Should it be compulsory for all hospital staff to wear a badge?

Reading V. Harris’s letter (Friday 20-26 Dec 2013) in MT really ruffled my feathers up and I will come to that later. In December 2011, over the X-mas period, I attended the A and E department at Dr Jeetoo hospital and I had to ask the doctor for his name. I stayed in a surgical ward for three days and when I was discharged again I had to ask for the doctor’s name and whether he was a registrar. If he had worn a badge, I wouldn’t have had to go through all this rigmarole. It is the right of every patient to know who is looking after him/her.

Last month, an acquaintance was referred to A and E at Dr Jeetoo again by his local Health Centre for an injection of insulin as his blood sugar was 23 mmol. But the casualty officer gave him tablets and barely spoke or looked at him. What’s her name, we asked. ‘How would I know? She wasn’t wearing a badge.’ He didn’t mind not getting the injection but was more upset by the lack of concern from that doctor.

Coming to Mr Harris and his comments about bedside manners and welcoming patients: Sir, you should know that this is not Europe and people here are not that advanced in their ways. I have worked in the heart of Europe itself, that is Switzerland. With due respect, I’ll say maybe in 20 years’ time, who knows, the approach might change. As for me, I got so used to welcoming patients, that once I even welcomed a corpse in A and E, not knowing he was brought in dead and had been so for two days at home.

In September 2012, I was admitted in a NHS hospital in North London for one week, with food poisoning. All members of staff who came to see me in my room introduced themselves. Even the pharmacist came to discuss my tablets and brought my medicines to the ward and a discharge letter for my GP. A nurse helped me with my bags to the main entrance.

Some hospital staff here carry out their duties diligently, be it maids, nurses and others – but not all. I have been a victim myself. That money for those drugs is not coming out of anybody’s pocket for we are taxpayers. Nobody gives something for nothing and any accountant will tell you that. Because of that surgeon’s inappropriate treatment and after five weeks of agony, my son had to take me to a private clinic and foot a bill the length of his arm. Shame.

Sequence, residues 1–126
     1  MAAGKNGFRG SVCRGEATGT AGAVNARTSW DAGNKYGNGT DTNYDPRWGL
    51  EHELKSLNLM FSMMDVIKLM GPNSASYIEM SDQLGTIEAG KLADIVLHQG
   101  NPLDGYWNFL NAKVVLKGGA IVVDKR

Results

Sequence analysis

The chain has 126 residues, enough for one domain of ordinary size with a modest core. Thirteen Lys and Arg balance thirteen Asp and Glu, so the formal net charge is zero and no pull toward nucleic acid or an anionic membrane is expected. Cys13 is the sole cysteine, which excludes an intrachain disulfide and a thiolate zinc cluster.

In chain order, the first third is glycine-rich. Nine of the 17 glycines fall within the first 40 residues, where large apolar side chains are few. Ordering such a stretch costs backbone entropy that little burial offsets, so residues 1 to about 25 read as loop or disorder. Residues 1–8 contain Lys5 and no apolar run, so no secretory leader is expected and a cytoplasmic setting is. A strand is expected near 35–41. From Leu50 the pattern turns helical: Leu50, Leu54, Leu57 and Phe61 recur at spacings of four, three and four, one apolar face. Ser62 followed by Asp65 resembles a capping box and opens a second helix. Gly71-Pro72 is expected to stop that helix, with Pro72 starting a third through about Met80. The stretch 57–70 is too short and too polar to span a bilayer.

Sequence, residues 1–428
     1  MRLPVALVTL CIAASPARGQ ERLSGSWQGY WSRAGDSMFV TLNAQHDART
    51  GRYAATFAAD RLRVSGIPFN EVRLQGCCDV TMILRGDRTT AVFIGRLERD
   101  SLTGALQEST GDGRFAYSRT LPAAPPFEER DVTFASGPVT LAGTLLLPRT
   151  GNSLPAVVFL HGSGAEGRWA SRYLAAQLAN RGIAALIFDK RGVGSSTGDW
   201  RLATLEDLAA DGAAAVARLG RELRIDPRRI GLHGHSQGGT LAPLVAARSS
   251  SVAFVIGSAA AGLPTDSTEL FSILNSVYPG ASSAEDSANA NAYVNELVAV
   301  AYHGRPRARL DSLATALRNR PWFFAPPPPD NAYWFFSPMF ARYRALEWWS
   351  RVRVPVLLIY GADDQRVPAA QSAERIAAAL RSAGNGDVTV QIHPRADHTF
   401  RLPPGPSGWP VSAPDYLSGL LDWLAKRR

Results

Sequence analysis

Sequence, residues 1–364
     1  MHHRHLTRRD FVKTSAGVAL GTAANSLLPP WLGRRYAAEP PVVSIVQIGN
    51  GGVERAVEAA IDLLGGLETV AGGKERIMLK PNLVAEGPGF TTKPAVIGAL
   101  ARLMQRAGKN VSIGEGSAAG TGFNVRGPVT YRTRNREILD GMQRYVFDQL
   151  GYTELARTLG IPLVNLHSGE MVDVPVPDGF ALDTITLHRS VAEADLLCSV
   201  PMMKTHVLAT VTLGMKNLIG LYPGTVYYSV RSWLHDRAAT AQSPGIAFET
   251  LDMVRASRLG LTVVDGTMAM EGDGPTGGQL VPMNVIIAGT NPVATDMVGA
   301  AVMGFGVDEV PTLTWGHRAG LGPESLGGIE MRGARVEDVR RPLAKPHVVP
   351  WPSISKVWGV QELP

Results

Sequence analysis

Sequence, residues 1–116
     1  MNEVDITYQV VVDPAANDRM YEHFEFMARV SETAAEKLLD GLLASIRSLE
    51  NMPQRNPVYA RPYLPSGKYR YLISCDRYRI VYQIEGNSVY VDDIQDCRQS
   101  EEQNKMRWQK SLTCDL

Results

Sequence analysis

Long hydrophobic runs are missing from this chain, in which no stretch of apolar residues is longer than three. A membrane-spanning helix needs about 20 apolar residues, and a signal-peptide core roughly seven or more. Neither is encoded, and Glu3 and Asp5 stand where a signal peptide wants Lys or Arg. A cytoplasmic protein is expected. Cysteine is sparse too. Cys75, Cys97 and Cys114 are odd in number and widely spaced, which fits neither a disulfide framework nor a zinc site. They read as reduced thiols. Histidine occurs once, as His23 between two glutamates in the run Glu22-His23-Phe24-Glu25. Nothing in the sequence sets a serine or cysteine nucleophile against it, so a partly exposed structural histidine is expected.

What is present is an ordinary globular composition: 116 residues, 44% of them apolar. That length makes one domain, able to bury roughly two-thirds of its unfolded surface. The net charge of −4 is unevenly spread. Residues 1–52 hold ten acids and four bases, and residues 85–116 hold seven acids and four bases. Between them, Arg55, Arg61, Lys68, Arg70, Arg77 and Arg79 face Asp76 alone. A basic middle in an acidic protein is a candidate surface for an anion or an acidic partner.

When I asked a student nurse and a Health Care Assistant very politely for a bowl to clean my teeth, they refused it. Where was I going to spit now? Luckily a ‘sac plastique 50 sous’ saved the day. That day, I couldn’t stand up and you call them nurses, they should be working in factories. I don’t know how and what they teach them in the school of nursing here.

If I had done that to a patient in the UK, the Director of Nursing would have given me a right royal kick the very next day. Here the staff are lucky, no one pays much attention to complaints. I also think the PSC, while interviewing prospective candidates, should make sure that they really want to care for the sick and are just not after a government job and wear that uniform.

Our staff are handsomely paid. No one works for free here. They get their days off, local leave, sick leave, overtime pay, vacation leave or accumulated leave, passage benefits, a huge lump sum when they retire plus their pension and duty free cars. In which country do civil servants get all these fringe benefits and why is it almost everyone wants a government job? If the work is too hard, there is always an exit.

Some people here do not seem to realize how much a kind word or a smile can mean to a sick person, and it costs nothing. A Chinese proverb says that a man who cannot smile should not open a shop. I say someone who doesn’t know how to smile should not be working with people. When I went to the UK in the late 60s to do nursing, it was because of the patients, otherwise we would all have remained here twiddling our thumb and jobless.

If I am not mistaken, I think it was Mrs Hanoomanjee, former health minister who introduced the system of nursing staff taking blood specimens at 7 am instead of 8 am in Health Centres. Previously, patients had to wait for so long to break that fast and it didn’t do justice to diabetics. Sometimes the staff came late but now they are always on time at Dr Bouloux et tout marche bien.

So I say bring her back where she belongs, maybe she’ll get this ministry back on the rails as there has been too much ‘laisser-aller’. The public fear for themselves, their sick children, their unborn babies, the newly born ones. For the staff maybe, a baby’s death post incubator is just another statistic but not for the parents. It was just unnecessary suffering for the baby. Such incidents should never be allowed to happen again for enough is enough.

A hospital should not inject fear in the public. Not everyone can afford to go to a private clinic unless they are willing to pay through their nose or on HP and incur debts. Staff should have to change their approach or leave and make room for others, who are really dedicated, for nursing is not an easy job.


* Published in print edition on 24 January 2014

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